Malaysia and Indonesia are two vivid examples of economic development built upon land exploitation. The concept of â€˜bio-economyâ€™ illustrates a pathway for countries to move on to a more sustainable course of development by creating added value downstream and diversifying away from primary production. Growing a local oleochemical industry was naturally the first step for Malaysia and Indonesia as the world's largest palm-oil producers. This was extended to biofuel production, which first aimed for export revenues. The biofuel sector later became an important buffer for the palm-oil industry to absorb excessive stock with domestic blending targets during low price periods. Meanwhile, the utilization of biomass for power generation has grown significantly for both exports and local use. Converting biomass into second-generation biofuels and other advanced bio-based materials has also attracted great interest from foreign investors. However, the high cost of biomass mobilization has limited the deployment of advanced biorefineries. One interesting option is to integrate waste management with the production of high-value bioenergy and biomaterials, adopting the model of a multi-feedstock biorefinery. While several bio-based industrial clusters were set up to attract investment with the consolidation of infrastructure surrounding major ports, more effort is still needed to explore and identify feasible business models with optimized supply chains. Cross-border cooperation may open new doors for building regional bio-based value chains. The ongoing digital revolution may provide breakthroughs in chain integration and technology deployment. Â© 2022 Society of Chemical Industry and John Wiley & Sons, Ltd.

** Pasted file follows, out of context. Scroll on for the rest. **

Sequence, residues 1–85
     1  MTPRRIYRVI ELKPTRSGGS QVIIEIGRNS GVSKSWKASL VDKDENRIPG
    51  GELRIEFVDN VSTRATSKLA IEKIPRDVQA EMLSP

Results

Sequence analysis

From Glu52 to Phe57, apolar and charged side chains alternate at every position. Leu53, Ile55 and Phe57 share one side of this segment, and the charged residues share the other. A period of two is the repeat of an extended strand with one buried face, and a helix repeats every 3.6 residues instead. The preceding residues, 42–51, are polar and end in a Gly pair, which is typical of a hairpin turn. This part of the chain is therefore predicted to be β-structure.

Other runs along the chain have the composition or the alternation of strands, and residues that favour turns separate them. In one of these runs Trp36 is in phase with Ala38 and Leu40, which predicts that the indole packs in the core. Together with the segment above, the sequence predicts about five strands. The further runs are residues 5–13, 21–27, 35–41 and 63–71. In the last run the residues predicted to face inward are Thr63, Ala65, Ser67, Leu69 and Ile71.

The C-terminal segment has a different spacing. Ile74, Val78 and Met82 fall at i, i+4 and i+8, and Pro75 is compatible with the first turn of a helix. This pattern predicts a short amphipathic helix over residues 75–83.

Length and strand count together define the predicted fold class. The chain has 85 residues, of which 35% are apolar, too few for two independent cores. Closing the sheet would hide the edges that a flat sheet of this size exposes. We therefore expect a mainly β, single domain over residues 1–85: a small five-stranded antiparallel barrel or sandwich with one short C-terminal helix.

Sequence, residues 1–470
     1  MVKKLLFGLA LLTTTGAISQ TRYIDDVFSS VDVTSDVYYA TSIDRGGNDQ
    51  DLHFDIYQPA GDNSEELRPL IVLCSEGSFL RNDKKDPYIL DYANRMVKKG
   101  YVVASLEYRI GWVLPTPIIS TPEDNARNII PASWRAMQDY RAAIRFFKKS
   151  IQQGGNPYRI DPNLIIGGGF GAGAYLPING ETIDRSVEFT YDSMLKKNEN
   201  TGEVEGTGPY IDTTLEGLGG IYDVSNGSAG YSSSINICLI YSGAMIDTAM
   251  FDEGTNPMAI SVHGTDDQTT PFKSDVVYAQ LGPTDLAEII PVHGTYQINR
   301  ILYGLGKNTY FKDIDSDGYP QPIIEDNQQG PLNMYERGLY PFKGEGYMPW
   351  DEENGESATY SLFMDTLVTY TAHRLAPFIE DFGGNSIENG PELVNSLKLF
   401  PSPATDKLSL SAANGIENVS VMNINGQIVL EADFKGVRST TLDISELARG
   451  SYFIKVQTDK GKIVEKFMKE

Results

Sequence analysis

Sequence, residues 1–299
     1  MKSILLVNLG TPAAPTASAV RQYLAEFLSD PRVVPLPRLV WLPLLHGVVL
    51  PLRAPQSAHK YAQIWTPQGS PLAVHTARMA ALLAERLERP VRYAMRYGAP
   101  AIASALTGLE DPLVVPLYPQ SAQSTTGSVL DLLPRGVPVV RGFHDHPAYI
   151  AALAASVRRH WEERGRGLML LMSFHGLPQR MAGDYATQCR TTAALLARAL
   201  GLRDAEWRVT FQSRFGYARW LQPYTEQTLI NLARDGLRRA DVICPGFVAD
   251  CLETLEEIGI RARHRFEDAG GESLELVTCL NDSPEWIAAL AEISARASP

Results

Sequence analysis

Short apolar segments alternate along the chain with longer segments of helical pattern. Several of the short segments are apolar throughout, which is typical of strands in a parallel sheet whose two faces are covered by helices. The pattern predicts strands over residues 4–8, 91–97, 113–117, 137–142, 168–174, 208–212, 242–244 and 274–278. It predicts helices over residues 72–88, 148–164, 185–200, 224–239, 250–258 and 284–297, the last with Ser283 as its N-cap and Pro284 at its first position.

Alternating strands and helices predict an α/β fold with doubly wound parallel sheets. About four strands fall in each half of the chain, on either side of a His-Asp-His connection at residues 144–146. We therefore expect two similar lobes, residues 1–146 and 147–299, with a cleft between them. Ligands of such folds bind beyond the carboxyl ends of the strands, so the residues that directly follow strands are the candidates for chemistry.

|Journal||Biofuels, Bioproducts and Biorefining|
|Publication status||Published - 2022|